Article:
Poem for the Day: October 27th, 2021

How to Not Be Afraid of Everything by Jane Wong (Alice James Books, 2021)

Tenants by Jane Wong

Above: my neighbor's feet,                         fussing from room to room,
velvet hooves tendering my head. Was the fruitcake
curdling? Would the mail make it there on time? (it must
make it there on time)? Below: I try to light
the stove. Little clicks of the tongue, heat and water, my altar.
Underground: my grandfather breathes through a silk jacket,
a dandelion mane resting between his lips. Here: every living
thing is an altar. Sweet worms kiss his knuckles to sleep,
loose doorknobs I open: story after story. My family:
a spiral staircase, a fish spine picked clean, the snail's
miasmic song. 1982: sun gasping through splintering snow,
a lemon slice folded in my mother's cup, a generous
bulb, a lighthouse across oceans she can not see. 1985: we slept in
a split-level attic, squirrels running across
the beams. 1964: my grandfather offers my mother one egg.
Her brother looks on, fists full of ash. 1967: to make
the body dance with sticks and stones to break alone. Within:
prison, rose finch feathers float through bars, what he can not
talk about. My grandfather sings to me in a ladybug-speckled coffin,
the color of good teeth. Above: my grandmother keeps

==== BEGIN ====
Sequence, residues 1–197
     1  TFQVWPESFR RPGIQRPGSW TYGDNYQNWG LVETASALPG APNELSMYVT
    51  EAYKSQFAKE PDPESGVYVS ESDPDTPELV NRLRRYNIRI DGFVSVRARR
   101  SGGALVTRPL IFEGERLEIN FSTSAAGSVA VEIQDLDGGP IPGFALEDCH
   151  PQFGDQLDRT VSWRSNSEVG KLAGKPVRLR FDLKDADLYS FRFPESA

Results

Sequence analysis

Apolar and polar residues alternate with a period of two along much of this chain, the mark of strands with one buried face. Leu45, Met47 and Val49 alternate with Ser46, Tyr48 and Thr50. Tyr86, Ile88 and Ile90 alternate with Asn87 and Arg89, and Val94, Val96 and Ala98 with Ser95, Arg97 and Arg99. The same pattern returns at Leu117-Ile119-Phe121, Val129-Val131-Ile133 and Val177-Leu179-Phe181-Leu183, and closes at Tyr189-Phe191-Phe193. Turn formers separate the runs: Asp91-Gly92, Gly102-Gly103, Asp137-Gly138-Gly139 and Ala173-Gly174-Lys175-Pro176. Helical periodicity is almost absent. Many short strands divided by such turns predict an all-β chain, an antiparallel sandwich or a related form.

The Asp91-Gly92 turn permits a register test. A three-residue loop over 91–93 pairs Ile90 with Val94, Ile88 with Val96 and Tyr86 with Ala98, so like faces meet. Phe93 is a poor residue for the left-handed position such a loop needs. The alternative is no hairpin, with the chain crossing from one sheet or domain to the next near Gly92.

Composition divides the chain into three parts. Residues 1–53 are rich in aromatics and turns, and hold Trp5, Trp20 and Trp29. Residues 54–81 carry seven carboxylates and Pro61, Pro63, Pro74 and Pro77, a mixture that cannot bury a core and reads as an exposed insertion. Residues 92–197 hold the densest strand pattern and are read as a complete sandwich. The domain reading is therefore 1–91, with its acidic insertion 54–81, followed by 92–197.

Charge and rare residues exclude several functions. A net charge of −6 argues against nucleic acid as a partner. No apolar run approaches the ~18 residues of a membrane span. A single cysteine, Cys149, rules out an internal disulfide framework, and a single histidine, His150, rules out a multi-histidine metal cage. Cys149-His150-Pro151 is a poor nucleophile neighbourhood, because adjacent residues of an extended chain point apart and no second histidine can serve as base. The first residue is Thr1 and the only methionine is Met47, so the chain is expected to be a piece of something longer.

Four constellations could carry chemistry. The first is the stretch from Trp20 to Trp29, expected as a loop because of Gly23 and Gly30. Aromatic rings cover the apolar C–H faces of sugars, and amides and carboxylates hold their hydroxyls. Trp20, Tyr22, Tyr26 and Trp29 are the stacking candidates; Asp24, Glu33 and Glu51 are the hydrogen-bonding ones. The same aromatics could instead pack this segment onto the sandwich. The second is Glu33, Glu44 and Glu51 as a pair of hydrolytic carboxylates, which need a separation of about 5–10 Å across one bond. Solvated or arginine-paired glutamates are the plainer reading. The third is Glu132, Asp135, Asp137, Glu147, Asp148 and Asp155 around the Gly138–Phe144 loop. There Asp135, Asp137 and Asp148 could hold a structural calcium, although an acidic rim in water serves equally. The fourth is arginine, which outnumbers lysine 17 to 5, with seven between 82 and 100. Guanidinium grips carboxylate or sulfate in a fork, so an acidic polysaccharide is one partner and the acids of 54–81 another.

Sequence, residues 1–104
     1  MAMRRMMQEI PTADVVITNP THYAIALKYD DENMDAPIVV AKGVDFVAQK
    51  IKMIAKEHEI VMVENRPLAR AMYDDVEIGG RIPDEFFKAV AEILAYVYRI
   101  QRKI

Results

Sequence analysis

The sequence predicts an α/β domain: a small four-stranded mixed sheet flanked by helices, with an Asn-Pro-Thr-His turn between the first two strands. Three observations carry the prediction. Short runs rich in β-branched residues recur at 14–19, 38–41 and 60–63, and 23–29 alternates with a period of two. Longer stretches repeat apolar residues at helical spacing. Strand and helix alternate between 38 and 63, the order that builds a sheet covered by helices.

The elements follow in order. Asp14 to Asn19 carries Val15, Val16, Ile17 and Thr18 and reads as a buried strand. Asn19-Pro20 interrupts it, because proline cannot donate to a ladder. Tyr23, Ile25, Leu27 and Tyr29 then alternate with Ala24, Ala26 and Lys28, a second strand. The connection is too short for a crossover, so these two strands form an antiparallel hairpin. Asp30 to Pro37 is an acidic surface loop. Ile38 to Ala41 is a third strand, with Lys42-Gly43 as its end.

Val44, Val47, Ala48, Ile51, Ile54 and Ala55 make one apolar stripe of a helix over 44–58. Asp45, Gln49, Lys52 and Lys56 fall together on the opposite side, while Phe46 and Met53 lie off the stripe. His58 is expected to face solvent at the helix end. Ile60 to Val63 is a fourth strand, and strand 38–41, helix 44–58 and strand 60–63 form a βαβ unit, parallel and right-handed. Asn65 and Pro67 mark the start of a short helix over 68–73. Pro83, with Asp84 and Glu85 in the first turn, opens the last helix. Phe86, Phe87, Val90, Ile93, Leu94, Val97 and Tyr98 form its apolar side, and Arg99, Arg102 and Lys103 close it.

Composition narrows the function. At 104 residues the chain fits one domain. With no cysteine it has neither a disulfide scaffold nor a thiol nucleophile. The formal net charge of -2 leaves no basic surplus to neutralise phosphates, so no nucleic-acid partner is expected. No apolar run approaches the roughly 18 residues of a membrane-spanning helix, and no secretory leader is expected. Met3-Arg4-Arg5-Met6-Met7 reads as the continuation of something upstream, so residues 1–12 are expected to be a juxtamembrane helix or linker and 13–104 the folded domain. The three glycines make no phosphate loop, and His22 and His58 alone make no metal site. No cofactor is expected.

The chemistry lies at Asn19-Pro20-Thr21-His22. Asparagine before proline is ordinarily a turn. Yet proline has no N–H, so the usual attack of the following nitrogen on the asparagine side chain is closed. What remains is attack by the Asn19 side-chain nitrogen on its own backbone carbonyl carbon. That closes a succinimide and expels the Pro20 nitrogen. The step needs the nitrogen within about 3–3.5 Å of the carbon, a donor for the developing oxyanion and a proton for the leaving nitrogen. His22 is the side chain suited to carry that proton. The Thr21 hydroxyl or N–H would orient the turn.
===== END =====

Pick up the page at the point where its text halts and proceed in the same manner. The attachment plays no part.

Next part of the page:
heaps upon heaps of oil containers, poured and repurposed
in hunched Fanta plastic. This living can be so quiet sometimes,
you can hear the lights humming. Moss slinks into my walls
and is painted over, white to mint. I touch
the wall, these porous lives, this dense understory. Today: I cut
a telescope in two to see everything inside, out:
new.

© 2021 Jane Wong. “Tenants” is taken from Wong’s collection How to Not Be Afraid of Everything, which was published by Alice James Books in October 2021 and is now available to purchase wherever books are sold. Her first collection, Overpour, was published by Action Books in 2016. In addition to being a recipient of a Pushcart Prize, Wong has been awarded numerous fellowships and residencies. She is currently an Associate Professor of Creative Writing at Western Washington University. You can find out more about Wong and her work on her website.

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